Disclaimer: I’m currently the Chief Evangelist for the photo sharing site Zooomr. We would be seen as a competitor to Flickr and have been developing in the geotagging space for the past six months or so. I’ll try to keep this review as objective as I can.
Ok, so Michael Arrington leaked it a few weeks back and now it’s official. Today Flickr launched geotagging. My first impression? It’s pretty damn impressive.
What makes Flickr’s new geotagging tool so strong in my opinion is that it is tied to their organizer which I’ve always felt is the single best and most impressive part of the Flickr interface. The way it works is pretty simple. You simply find a location using Yahoo! Maps (you can enter an address, airport code, city, etc. or just navigate around the map until you find where you want to go) and then from the organizer’s thumbnail bar below you simply drag and drop your photos on to the map in the appropriate location and you are finished. Like a lot of things at Flickr, simple and elegant.
So what else do I like about Flickr’s new geotagging service? Another great feature that they have added is the ability to screen geotagged locations by text tags on photos. The photo below is an example that I pulled up for all geotagged shots of San Francisco’s favorite eccentric, 12 Galaxy Ambassador Frank Chu.
I think it is pretty cool that as more people start geotagging on Flickr that you will be able to have a map of a bunch of places that Frank hangs out around the city. You can use any tag of course and I’d think tags like restaurant, bar, park, etc. over time would all become useful filtering tags to look for photos in a specific area.
Using either tags or all photos you can basically go to any area on a map and browse the location (see below). Flickr clusters photos inside of little pink dots. You just click on the pink dots and then you can cycle through any photos via little thumbnail shots right there on the map.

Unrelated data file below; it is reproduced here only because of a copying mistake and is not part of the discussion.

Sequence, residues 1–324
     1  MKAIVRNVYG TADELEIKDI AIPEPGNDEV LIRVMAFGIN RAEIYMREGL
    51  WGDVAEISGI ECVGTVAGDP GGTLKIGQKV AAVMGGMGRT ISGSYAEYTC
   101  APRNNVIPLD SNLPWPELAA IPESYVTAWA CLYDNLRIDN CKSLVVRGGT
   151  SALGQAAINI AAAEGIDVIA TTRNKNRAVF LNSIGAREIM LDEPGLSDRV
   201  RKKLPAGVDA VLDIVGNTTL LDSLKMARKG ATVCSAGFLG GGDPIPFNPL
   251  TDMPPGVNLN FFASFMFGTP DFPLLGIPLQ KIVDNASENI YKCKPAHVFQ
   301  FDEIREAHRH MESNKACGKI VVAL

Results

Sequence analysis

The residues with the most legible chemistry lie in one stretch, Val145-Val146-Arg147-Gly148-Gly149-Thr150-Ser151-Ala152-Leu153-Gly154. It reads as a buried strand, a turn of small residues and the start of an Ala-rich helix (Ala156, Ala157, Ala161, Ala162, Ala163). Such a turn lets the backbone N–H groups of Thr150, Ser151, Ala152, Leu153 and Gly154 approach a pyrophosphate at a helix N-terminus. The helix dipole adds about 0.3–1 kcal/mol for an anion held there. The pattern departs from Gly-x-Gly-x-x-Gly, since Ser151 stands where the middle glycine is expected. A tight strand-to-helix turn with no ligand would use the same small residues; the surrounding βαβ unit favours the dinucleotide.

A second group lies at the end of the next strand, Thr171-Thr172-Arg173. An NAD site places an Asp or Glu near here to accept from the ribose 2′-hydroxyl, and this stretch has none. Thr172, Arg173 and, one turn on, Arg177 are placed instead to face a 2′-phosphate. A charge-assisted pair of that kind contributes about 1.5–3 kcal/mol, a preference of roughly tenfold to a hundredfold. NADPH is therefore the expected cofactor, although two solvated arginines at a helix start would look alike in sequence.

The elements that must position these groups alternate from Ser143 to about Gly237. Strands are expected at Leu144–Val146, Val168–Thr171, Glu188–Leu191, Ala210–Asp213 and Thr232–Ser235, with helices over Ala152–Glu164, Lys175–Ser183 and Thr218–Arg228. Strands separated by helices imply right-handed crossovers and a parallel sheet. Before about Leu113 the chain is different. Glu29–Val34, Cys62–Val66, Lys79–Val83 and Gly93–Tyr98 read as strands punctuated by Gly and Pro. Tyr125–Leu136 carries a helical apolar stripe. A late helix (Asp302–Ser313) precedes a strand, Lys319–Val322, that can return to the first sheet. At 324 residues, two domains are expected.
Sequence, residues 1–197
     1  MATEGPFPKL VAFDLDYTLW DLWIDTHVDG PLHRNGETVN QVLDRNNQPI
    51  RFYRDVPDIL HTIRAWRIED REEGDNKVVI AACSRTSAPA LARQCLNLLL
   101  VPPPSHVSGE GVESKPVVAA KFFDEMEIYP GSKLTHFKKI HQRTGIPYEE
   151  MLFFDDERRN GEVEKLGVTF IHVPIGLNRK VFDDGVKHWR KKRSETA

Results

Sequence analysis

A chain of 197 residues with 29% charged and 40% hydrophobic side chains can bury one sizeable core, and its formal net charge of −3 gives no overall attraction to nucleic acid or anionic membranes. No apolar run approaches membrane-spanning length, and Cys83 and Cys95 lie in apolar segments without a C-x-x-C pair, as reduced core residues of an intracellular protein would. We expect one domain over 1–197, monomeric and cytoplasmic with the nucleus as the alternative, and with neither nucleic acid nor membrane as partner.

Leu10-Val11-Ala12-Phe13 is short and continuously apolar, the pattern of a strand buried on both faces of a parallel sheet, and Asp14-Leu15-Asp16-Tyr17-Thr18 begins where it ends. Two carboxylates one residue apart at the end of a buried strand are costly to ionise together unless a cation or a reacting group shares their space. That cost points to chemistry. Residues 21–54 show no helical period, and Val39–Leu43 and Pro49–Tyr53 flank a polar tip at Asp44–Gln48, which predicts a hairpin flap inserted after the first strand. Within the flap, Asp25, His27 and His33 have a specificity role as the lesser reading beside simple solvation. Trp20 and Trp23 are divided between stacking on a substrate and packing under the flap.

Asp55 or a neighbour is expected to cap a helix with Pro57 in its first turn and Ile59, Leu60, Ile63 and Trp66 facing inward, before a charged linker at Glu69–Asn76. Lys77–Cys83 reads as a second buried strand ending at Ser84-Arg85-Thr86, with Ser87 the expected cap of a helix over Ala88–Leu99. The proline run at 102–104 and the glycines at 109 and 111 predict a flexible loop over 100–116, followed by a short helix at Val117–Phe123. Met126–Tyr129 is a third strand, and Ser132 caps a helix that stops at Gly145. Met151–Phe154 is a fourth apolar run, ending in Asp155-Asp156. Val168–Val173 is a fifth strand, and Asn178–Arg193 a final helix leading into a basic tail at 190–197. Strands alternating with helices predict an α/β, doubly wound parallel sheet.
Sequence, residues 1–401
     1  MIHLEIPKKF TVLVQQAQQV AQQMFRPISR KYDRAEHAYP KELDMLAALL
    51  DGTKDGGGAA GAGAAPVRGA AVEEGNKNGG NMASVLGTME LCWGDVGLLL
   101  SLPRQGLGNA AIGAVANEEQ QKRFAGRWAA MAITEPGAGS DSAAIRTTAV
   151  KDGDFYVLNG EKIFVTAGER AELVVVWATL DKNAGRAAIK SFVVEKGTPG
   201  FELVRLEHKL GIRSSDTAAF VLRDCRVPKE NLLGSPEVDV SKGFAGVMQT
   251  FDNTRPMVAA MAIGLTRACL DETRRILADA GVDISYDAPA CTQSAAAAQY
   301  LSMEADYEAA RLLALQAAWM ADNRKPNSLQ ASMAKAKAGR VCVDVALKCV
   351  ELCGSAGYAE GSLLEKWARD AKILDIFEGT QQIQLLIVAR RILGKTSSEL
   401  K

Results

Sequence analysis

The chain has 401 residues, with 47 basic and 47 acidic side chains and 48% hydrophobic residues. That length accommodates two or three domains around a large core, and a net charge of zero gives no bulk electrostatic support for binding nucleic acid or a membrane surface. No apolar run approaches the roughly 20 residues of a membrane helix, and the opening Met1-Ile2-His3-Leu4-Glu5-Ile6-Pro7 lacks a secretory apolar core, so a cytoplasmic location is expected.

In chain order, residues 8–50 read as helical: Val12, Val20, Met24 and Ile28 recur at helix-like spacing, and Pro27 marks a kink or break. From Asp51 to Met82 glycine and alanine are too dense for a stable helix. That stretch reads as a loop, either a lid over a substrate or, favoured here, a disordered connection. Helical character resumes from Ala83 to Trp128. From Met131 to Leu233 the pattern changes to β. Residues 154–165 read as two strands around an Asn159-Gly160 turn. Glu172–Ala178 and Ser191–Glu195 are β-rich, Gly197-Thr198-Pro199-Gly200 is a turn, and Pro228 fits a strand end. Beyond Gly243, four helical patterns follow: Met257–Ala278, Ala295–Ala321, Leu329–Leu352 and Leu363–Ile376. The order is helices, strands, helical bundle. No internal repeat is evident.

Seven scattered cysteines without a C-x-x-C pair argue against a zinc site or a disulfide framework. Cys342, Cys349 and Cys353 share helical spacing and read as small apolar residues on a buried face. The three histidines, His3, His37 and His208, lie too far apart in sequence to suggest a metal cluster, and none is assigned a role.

The tagging functionality is also helpful when trying to mass geotag your photos. You can for instance pull up a location (say the Golden Gate Bridge) that you might have multiple shots up and then filter by tag “Golden Gate Bridge” and add your tags quickly onto the map.
Another thing that is good that Flickr does is they have a little privacy warning screen when you decide to geotag for the first time. This little screen warns you about the dangers of geotagging and is a good check and balance to make sure that people are aware that geotagging your house, for instance, may or may not be something that you wish to do. Certainly lots of public areas are probably pretty harmless to geotag, but people should in fact be aware that by making their geotags public they let people know where they were at a specific time as well as places they might frequently be at. My own advice to anyone geotagging is to feel free to geotag most of your shots but be careful about geotagging things like your home.
Flickr has all three of the different Yahoo! map views available, regular maps, satellite maps (see below) and hybrid maps which overlay satellite images with street names.
So what don’t I like about Flickr’s new geotagging? A few things — and I’d assume that they get these fixed as they continue to develop it.
First off I think that Yahoo! Maps itself has some limitations. Yahoo Maps is especially weak in terms of street detail in Europe and so if you live in Europe you might be less than thrilled at the level of detail that you can get. Sergey Chernyshev has a great little tool that allows you to compare locations on maps using both Google and Yahoo maps side by side. If you put in Paris, France, for instance, you will see that the Yahoo! maps comes up without data at the street level. You can of course zoom out but this will make it harder to precisely geotag for many people living in Europe. I suspect that it’s only a matter of time though until Yahoo Maps gets better coverage and this is improved.
The other thing that I don’t like is that when you add a photo to the map in organizer that it still leaves the thumbnail in your photos. As you add photos to the maps on Flickr you should only want to add photos that have not already been geotagged. The organizer doesn’t have a good way to filter out only non geotagged photos (that I could tell) and so I found myself re-geotagging photos that I’d already geotagged.
The other thing that I didn’t like was that in order to browse and view photos that had been geotagged on a map you have to do it with tiny little thumbnails inside of the map. You can expand an individual photo but then you go to that photo and are off the map. I found it hard to see the detail on such small thumbnails and wished that there were a page with slightly bigger photos where I could click to see nearby photos a tad larger and in more detail but still grouped together.